12. Interesting post and one that bears thinking about more in depth,- in my opinion. Although I don't quite understand what is meant by radical subjectivism. Giving a practical example, - (and I may be getting you wrong), - but people do form what may be called a relative consensus about products, - this is of course a subjective consensus. And, as with any kind of knowledge, - we are learning beings and our viewpoints change with more and different knowledge. For example, - there is a significant difference between "that violin section sounds really nice," to "those Stradivarius violins sound correct." The latter belies an amount of experiential knowledge about what a Stradivarius violin is supposed to sound like, and likely,- experiences at events where both Stradivarius and other brands/types of violins are played. As a producer, songwriter and musician who plays and am in bands with musicians who play Rickenbacker, Guild, & Gibson guitars among others, - I've a fair amount of experience and knowledge about what those guitars sound like. But of course, their sound can be significantly altered in different context(s) through different amps, and various effects, and EQ settings, - not only on their amplification, - but applied during the recording process. Going back to the Meitner example, - I have heard Ed's players many many times, in varying and different systems. I have made a "VALUE" judgement that is of course subjective, - that value judgement is based on it's performance. I think that there is a very large agreement upon the community who has heard these products, - that they perform incredibly well and do a great job as part of system that accurately reflects what is on the recording, - much better than others at both lower, and higher prices. That doesn't mean that I can afford to buy a Meitner... but I'm not judging it's sound quality on whether or not I can afford it. Of course Meitner DACs measure well, and have very low jitter, - but so do a lot of other DACs that are both cheaper and more expensive: and don't perform nearly as well. So, - just because a product is expensive, (and unaffordable to most of us), - doesn't mean that it sucks. There are two different types of judgements, - the affordability part of the equation is objective, - it's performance is not. I go to audio shows like CES or RMAF out of interest and curiosity to see what's new, how well gear performs, and what combinations of components work well together to make a system sound great. I also go there to hear how well my system stacks up against others. I know that I can't afford much of what I hear, - but I don't let a component's price point interfere with enjoying or not-liking what I'm hearing. I have been both surprised at how much super expensive gear sucks, and how great really cheap gear sounds much better than it's price indicates. Finally, - I'd like to say that a lot of unreasonable criticism of retail prices of components occurs in two main areas, - 1. is the cost to build and the parts that make up the component. (This is especially significant in comparison to retail price markups in other luxury goods). And, 2. No one ever pays retail prices for these higher cost big 3 components of amps, speakers, CD/DACs: knowing the 40% dealer cost rule....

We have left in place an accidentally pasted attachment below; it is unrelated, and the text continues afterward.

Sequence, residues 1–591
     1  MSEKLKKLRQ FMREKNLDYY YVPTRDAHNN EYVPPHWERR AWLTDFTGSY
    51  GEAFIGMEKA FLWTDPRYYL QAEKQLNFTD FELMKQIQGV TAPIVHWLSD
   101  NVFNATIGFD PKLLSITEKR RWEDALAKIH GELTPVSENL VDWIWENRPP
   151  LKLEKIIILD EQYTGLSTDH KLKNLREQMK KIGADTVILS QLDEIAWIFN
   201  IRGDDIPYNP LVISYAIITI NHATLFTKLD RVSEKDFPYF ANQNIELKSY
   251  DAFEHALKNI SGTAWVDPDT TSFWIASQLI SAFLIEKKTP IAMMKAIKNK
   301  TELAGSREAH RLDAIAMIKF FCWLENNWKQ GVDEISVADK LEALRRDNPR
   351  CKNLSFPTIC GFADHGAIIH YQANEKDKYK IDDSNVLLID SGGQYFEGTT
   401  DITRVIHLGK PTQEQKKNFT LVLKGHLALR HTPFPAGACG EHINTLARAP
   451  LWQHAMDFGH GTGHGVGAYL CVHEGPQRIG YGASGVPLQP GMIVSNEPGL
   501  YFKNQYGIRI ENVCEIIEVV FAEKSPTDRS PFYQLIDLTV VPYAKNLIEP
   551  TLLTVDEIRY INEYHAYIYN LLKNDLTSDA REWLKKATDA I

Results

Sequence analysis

13. Hi, ""The classic definition of knowledge is "facts, information, and skills acquired through experience or education"." Exactly right, - "through experience" Our dictionary definition is roughly the same or similar to how Kant defined knowledge via the 4 main categories of knowledge. Of course there's a whole body of work on epistemology. Largely though, - we all write and speak via the (very good) dictionary definitions of something as those, (by and large), include everything that needs to be included, and excludes everything else that allow to distinguish between it, and something else..... (In this case, - {comparative listening evaluations}, - observable experiences. Again, - one can, and does forget things. There is good knowledge, bad knowledge, better knowledge... worse knowledge..... ""a distinction can be made between knowledge and experience" No, the definition doesn't say that. We get and interpret "information" all of the time, - often without even realizing it. When you pile up comparative listening tests, - (for example), - you are gaining knowledge from different experiences and you naturally interpret and categorize into "knowing." I observed John hitting Jack in the head with a baseball bat. That is experiential knowledge. Was it a sunny day or raining? What were John and Jack wearing that day? I have baseball bat in my hand now. Is there blood on it? I tested the blood and I tested Jack's blood. Those other "tests" give corroboration to the observable knowledge and make the knowledge better. But that doesn't mean that the knowledge still isn't there....
  14. FWIW,- i don't disagree with most of what you wrote above... "" Experience is only knowledge if it results in durable education and retention of factual information gained from that experience. " No, experience is always knowledge, it is one of the categories of knowledge types. It is one type that forms the definition of knowledge. You can have varying levels of knowledge, you can have weak, no, or a lot of knowledge in certain areas, and about certain things. Knowledge can be said to be BETTER if you retain that knowledge for sure. Or if you have a lot of experiences and/or evidence to strengthen or enhance it. " Discerning but impecunious concertgoers will assign their own values to the characteristics of a playback system, so they can attain the best possible compromise for them and their budgets. No one can determine the value of a playback system for you except you." Again, - FWIW, - I agree 100% and one would think that that would be obvious to everyone. But, - there are still a small minority of folks here who think that there is some sort of objective criteria that will bring some sort of universalizable certainty where there can be none. Cheers,
  15. I was just using it as a point of analogy, - to illustrate that there are many high value components out there that have very expensive parts inside and many of these parts are much more expensive and are part of the reason why the overall component is more expensive. No matter what you may think of the performance (and the application) of Wilson's $40,000 speakers, = their cost to build is more than other company's $40,000 speakers.